Going off of Xanax has been a life-changing experience. My psychiatrist prescribed it for anxiety, and I mostly used it at nighttime to help me sleep. I wasn’t abusing it per se, but I took it nightly. I was on the 2MG tablets, which is the highest dose.
Why Were You Taken Off Xanax?
For starters, let’s get into why I was taken off Xanax in the first place. For those who do not know, I have been diagnosed with bipolar disorder, with tendencies to go manic or depressive if I am not on proper medication. My nighttime meds, which consisted of Zyprexa, knocked me out in the mornings. I was foggy, couldn’t get out of bed, and just wanted to sleep.
I explained my predicament to my psychiatrist and he agreed to put me on an upper: Ritalin. The Ritalin helped me wake up in the morning, and for the most part, I was productive.
However, after almost a year on both Ritalin (in the mornings) and Xanax (at night), my psychiatrist warned me that mixing uppers and downers is not a good long-term solution. He said I should go off Xanax, which I begrudgingly accepted. I wasn’t prepared for what was to come. I thought getting off of Xanax would be easy.
The Withdrawal Symptoms
The first few days I was taken off of Xanax, I was able to sleep normally. However, I had very lucid and vivid dreams. I would wake up in sweats, with occasional shaking of my hands during the daytime. As the third day approached, I had unbelievable anxiety. I have to admit I self-medicated because of how bad it was. I tried over the counter sleep medication, which only worked temporarily. I also tried alcohol, which is a big no-no if you know me well. I had sworn off alcohol because it destroyed so many friendships of mine and it caused my health to decline.
This was about when I started reading up on Xanax withdrawal. Every article I read said that you shouldn’t go off of Xanax cold turkey as it can be life-threatening. For example, it could cause seizures, flu-like symptoms, and intense psychological effects. Most articles I read agreed that the physical withdrawal symptoms will ease after four days. I looked forward to that fourth day and hoped the psychological effects would be a non-issue.
Day four came and went. I was still having terrible anxiety and I started to have racing thoughts. I felt I was in danger of going manic since racing thoughts are a symptom of mania. I also was having trouble sleeping due to the intense anxiety and racing thoughts. I would put on music, and every song triggered a memory. With each memory, I would go down a rabbit hole of thought. I could not relax, nor could I sleep. On top of that, I was having short-term memory issues (I’d have blank patches) and my work was affected due to the mental stress I was under. I had minor hallucinations, was extremely paranoid, and my senses seemed to be on overdrive.
As each day passed, it felt like I was doing worse. I sought help on Twitter and Facebook. Everybody I talked to said it would get better. I couldn’t see the light at the end of the tunnel. My brain synapses seemed to be firing on all cylinders and it felt like my brain was on fire. I didn’t want to go to rehab. I figured the worst was over and I would just have to wait it out. I decided to take double my night time meds in order to help me sleep. It worked. When I woke up the next morning, my brain was no longer on fire. But I still felt like I was outside of my body watching myself. I couldn’t think clearly. My memory was off. It was as if my brain wasn’t quite there yet or that I had lost something. Now it was a wait-and-see game.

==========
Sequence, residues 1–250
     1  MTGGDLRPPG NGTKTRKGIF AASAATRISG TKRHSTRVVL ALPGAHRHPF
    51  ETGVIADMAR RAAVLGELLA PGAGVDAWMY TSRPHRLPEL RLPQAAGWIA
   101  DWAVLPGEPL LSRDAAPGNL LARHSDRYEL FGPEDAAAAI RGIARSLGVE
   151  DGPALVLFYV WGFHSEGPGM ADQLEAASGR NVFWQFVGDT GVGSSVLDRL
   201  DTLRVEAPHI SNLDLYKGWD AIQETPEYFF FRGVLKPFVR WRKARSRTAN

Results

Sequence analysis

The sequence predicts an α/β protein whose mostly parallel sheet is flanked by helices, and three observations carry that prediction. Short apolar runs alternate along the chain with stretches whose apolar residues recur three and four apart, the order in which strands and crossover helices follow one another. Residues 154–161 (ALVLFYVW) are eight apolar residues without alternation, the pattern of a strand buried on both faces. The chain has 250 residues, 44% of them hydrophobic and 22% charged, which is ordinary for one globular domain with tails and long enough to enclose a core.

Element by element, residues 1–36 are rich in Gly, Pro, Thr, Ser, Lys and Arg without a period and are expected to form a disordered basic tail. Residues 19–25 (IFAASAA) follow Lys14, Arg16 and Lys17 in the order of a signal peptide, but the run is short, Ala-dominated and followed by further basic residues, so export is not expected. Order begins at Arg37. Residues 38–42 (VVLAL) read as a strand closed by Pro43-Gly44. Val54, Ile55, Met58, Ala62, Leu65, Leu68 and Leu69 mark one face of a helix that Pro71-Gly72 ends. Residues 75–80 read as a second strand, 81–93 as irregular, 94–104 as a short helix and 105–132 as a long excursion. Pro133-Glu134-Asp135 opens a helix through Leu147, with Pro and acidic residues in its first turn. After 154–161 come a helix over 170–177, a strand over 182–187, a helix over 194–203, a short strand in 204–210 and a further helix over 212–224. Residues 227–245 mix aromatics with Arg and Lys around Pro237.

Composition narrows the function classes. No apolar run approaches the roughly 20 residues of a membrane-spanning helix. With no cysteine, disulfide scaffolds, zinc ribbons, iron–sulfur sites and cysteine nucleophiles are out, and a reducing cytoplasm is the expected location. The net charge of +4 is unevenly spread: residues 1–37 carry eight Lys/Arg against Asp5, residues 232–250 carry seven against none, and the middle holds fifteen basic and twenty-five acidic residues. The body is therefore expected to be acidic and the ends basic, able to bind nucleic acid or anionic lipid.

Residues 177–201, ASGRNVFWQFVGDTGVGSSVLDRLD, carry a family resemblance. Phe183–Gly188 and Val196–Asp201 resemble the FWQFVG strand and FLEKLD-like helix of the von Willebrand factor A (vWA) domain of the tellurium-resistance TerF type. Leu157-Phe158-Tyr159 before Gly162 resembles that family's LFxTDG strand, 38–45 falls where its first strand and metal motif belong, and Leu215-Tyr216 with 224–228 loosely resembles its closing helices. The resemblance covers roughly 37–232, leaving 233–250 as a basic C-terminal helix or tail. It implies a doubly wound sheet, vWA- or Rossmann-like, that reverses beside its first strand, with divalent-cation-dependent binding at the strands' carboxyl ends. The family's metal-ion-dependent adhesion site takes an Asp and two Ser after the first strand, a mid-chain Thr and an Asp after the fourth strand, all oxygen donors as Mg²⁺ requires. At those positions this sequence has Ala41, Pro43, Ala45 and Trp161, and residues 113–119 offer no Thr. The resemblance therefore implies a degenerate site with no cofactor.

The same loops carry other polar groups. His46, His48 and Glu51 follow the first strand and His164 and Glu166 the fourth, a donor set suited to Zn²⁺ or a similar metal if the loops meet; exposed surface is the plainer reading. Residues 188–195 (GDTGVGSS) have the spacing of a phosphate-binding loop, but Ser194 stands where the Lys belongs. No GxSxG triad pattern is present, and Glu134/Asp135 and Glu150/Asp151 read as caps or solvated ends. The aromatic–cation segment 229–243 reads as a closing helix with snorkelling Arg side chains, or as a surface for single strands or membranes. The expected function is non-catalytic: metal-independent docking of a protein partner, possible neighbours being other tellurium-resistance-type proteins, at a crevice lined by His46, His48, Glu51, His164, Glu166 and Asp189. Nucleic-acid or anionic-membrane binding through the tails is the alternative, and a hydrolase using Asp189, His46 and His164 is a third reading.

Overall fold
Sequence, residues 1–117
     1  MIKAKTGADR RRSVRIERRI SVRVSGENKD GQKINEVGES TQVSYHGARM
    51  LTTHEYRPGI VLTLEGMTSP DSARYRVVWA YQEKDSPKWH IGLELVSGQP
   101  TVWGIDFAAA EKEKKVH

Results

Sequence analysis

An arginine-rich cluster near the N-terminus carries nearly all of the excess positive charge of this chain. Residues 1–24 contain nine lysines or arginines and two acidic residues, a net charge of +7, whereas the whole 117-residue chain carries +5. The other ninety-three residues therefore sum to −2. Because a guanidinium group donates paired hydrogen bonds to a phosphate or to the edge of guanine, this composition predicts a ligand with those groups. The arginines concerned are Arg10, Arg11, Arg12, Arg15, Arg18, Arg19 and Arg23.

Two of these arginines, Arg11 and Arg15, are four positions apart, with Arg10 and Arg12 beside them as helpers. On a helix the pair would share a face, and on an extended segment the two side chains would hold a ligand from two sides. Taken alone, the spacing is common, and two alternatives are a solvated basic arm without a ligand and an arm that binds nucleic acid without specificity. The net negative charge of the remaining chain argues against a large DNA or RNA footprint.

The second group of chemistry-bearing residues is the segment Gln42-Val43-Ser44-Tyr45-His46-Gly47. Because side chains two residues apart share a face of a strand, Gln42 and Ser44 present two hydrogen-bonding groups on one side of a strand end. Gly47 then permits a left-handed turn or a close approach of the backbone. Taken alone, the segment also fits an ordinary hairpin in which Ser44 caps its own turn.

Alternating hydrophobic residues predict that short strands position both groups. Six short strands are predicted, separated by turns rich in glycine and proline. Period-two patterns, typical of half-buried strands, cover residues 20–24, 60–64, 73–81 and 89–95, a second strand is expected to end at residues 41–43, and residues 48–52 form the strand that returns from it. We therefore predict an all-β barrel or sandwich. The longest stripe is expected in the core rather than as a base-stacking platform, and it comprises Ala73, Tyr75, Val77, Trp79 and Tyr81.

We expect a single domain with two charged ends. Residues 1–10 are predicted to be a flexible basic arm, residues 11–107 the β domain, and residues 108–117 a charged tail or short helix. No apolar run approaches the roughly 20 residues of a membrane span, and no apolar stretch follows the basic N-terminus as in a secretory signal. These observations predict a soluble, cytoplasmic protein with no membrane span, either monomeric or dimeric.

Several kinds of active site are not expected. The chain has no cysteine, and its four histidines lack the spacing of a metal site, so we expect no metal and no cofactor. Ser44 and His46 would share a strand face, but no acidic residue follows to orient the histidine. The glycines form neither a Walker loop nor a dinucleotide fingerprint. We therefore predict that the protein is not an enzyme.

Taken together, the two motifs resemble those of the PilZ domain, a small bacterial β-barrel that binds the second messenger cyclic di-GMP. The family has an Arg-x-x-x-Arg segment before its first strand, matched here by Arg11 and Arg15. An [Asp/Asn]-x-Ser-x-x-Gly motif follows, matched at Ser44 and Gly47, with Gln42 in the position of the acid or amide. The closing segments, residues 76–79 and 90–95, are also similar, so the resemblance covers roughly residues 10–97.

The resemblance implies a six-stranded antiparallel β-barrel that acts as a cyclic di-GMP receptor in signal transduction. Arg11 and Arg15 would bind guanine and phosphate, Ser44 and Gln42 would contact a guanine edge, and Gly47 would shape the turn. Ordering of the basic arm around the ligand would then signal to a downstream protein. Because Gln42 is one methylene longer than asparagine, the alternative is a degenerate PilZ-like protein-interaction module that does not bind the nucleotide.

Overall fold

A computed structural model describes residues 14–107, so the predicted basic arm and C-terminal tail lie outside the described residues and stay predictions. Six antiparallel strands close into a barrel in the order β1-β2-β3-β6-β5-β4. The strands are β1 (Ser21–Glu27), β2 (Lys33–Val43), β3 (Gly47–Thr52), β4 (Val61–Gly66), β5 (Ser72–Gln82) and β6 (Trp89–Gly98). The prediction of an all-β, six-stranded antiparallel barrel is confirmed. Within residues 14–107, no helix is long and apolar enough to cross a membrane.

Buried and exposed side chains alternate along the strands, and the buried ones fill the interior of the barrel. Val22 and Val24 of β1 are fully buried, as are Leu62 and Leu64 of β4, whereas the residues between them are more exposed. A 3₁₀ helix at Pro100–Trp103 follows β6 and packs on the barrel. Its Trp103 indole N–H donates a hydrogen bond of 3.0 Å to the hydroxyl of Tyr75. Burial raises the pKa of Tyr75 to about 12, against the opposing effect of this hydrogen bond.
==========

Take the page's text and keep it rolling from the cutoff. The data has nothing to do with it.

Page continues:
3 Weeks After Quitting Xanax
I went and saw my psychiatrist and lectured him that taking me off Xanax cold turkey wasn’t the best idea. He apologized for not weaning me off slowly. He upped my Zyprexa and have been able to sleep on the new dosage.
I had to take a week off of work, which isn’t ideal for a freelancer barely scraping by. Thankfully my clients have been very understanding of my situation and wished me a quick recovery.
My brain still isn’t quite there yet. It’s like I have a tingling feeling on the top of my head that prevents deep thought, which is crucial for a web developer. I have lingering anxiety. It’s a low murmur, but I can feel it in my stomach. It’s hard to relax. It’s hard to sleep.
Am I Fully Recovered?
Not really. Going off of Xanax has been one of the hardest things I’ve ever done. It affected me physically as well as psychologically. I would highly recommend, in hindsight, rehab for those addicted to Xanax the way I was. Without the support of my friends and family, I would never have made it. I now know and respect how addicted I was to Xanax. And since I don’t want to start over the recovery process, I have added it to my list of drugs to never take again.
A New Normal
Without Xanax, my body needs to figure out new coping mechanisms and I can almost feel my brain rewiring itself as time goes on. Thankfully I didn’t go manic with the stress and pressure of the withdrawal. I feel that if I wasn’t on Zyprexa and Depakote, things would have been much worse (Depakote helps prevent mania, as well as seizures).
I’m getting better day by day, but it’s still hard. I cherish sleep when I can get it, even if it’s a cat nap in the afternoon.
Feel free to comment below if you’ve been through the same thing or have any advice to give. Thank you for reading.Haley Lawrence